Our Gospel reading (John 18: 33-37), at the moment when Christ is on trial before Pilate, might, at first reading, seem a more appropriate reading for Holy Week than the week before Advent, a more appropriate preparation for Easter than for Christmas.

But at this stage, Pilate demands to know whether Christ is a King: ‘Are you the King of the Jews?’ (John 18: 33).

And he answers: ‘My kingdom is not from this world … For this I was born, and for this I came into the world, to testify to the truth. Everyone who belongs to the truth listens to my voice’ (John 18: 36-37).

Christ comes not just as a cute cuddly babe wrapped up in the manger and under the floodlights of a front window in a large department store. We are also preparing for the coming of Christ as King.

In this reading, Christ rejects all dysfunctional models of majesty and kingship. He is not happy with Pilate trying to project onto him models of kingship that are taken from the haughty and the aloof, the daft and the barmy, or the despotic and the tyrannical.

As he is being tortured and crucified, his tormentors and detractors still try to project these models of kingship onto Christ as they whip him and beat him to humility, as they crown him with thorns and mock him, and finally as he is crucified for all the world to see.

What sort of a king did Pilate expect Christ to be?

Indeed, what does majesty and graciousness mean for you today?

If I had three wishes for my community, my country, my continent, my world, would they, in truth, reflect my own selfish interests and those of my own inner circle?

Or, in truth, would they reflect the values of Christ, the coming King whose reign is marked by justice and mercy, peace and love?

Would I be found among those who belong to the truth and listen to his voice?

And so, may all we think, say and do be to the praise, honour and glory of God, + Father, Son and Holy Spirit, Amen.

Christ the King … a stained glass window in Mount Melleray Abbey, Cappoquin, Co Waterford (Photograph: Patrick Comerford)

John 18: 33-37 (NRSVA):

33 Then Pilate entered the headquarters again, summoned Jesus, and asked him, ‘Are you the King of the Jews?’ 34 Jesus answered, ‘Do you ask this on your own, or did others tell you about me?’ 35 Pilate replied, ‘I am not a Jew, am I? Your own nation and the chief priests have handed you over to me. What have you done?’ 36 Jesus answered, ‘My kingdom is not from this world. If my kingdom were from this world, my followers would be fighting to keep me from being handed over to the Jews. But as it is, my kingdom is not from here.’ 37 Pilate asked him, ‘So you are a king?’ Jesus answered, ‘You say that I am a king. For this I was born, and for this I came into the world, to testify to the truth. Everyone who belongs to the truth listens to my voice.’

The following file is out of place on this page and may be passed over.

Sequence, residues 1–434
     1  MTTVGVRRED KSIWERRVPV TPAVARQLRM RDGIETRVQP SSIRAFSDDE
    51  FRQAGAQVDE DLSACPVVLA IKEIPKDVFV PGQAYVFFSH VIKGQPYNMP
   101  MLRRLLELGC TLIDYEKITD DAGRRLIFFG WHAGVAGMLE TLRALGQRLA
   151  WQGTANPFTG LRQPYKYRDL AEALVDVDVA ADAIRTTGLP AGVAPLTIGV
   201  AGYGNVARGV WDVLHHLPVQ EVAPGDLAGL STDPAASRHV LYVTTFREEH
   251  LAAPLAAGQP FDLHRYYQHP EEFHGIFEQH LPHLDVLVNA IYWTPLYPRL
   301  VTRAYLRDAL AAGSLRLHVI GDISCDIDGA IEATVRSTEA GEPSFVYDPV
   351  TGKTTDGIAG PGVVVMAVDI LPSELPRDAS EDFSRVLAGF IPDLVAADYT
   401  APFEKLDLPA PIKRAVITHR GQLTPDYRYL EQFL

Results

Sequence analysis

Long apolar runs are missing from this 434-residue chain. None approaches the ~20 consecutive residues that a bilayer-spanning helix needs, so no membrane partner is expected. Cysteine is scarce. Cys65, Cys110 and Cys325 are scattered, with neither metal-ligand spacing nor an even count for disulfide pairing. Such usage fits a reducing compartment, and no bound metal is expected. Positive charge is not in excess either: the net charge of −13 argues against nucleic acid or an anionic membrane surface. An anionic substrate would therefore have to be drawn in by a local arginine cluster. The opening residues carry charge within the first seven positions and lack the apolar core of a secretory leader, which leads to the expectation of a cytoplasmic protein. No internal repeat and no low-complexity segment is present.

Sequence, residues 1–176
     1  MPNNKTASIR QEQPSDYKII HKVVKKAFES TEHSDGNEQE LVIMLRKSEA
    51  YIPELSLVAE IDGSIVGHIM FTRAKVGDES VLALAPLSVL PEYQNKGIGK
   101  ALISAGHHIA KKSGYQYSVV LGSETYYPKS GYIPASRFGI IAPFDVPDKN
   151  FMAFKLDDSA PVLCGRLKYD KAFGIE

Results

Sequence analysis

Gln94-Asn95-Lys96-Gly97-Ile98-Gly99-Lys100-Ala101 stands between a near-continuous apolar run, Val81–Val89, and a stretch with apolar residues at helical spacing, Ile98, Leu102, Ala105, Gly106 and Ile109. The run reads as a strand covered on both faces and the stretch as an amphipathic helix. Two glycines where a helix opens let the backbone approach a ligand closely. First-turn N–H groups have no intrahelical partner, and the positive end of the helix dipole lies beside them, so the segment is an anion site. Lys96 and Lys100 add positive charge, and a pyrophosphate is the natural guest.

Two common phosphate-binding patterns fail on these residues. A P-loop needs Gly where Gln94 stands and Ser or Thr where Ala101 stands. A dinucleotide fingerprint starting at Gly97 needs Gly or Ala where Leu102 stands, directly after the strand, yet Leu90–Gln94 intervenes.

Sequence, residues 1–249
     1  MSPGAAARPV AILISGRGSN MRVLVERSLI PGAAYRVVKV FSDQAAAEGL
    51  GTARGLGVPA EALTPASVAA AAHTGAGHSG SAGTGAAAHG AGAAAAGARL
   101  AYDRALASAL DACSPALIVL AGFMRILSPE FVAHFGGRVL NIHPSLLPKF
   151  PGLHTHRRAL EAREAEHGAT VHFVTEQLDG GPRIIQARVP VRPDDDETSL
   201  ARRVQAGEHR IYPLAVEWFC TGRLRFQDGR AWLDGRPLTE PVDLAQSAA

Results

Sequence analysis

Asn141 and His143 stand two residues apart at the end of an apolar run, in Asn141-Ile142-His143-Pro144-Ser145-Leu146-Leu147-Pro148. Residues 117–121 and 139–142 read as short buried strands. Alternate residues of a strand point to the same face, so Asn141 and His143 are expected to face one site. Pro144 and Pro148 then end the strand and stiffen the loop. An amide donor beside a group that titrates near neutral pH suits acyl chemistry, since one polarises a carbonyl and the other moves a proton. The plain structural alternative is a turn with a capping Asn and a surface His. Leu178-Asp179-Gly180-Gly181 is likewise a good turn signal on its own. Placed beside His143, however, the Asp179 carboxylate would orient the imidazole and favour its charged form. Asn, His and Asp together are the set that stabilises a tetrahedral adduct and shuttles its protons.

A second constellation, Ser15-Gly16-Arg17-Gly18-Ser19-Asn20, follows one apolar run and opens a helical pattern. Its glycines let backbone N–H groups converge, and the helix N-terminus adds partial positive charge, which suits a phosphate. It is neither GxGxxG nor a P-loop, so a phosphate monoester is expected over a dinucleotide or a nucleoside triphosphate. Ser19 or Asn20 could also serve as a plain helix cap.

‘Condemned’ … Christ before Pilate in Station 1 of the Stations of the Cross in the Chapel at Saint John’s Hospital, Lichfield, Pilate condemns Jesus to die (Photograph: Patrick Comerford)

Liturgical Colour: White (the Kingship of Christ)

The Collect:

Eternal Father,
whose Son Jesus Christ ascended to the throne of heaven
that he might rule over all things as Lord and King:
Keep the Church in the unity of the Spirit
and in the bond of peace,
and bring the whole created order to worship at his feet,
who is alive and reigns with you and the Holy Spirit,
one God, now and for ever.

Collect of the Word:

Everlasting God,
whose will is to restore all things
in your well-beloved Son, our Lord and King:
grant that the people of earth,
now divided and enslaved by sin,
may be freed and brought together
under his gentle and loving rule;
who lives and reigns with you
in the unity of the Holy Spirit,
one God, for ever and ever.

Post-Communion Prayer:

Stir up, O Lord,
the wills of your faithful people;
that plenteously bearing the fruit of good works
they may by you be plenteously rewarded;
through Jesus Christ our Lord.

Post-Communion Prayer (Mission):

Eternal Giver of love and power,
your Son Jesus Christ has sent us into all the world
to preach the gospel of his kingdom.
Confirm us in this mission,
and help us to live the good news we proclaim;
through Jesus Christ our Lord.

Christ the King, surrounded by the Four Evangelists, saints and apostles above the West Door of Cobh Cathedral (Photograph: Patrick Comerford, 2020)

Hymns:

6, Immortal, invisible, God only wise (CD 1)
263, Crown him with many crowns (CD 16)
321, Holy, holy, holy! Lord God almighty (CD 19)

Christ enthroned between two archangels, Saint Michael and Saint Gabriel, in the south apse in the Church of Santa Fosca in Torcello in the Lagoon of Venice (Photograph: Patrick Comerford)

Scripture quotations are from the New Revised Standard Version Bible: Anglicised Edition copyright © 1989, 1995, National Council of the Churches of Christ in the United States of America. Used by permission. All rights reserved worldwide. http://nrsvbibles.org

Material from the Book of Common Prayer is copyright © 2004, Representative Body of the Church of Ireland.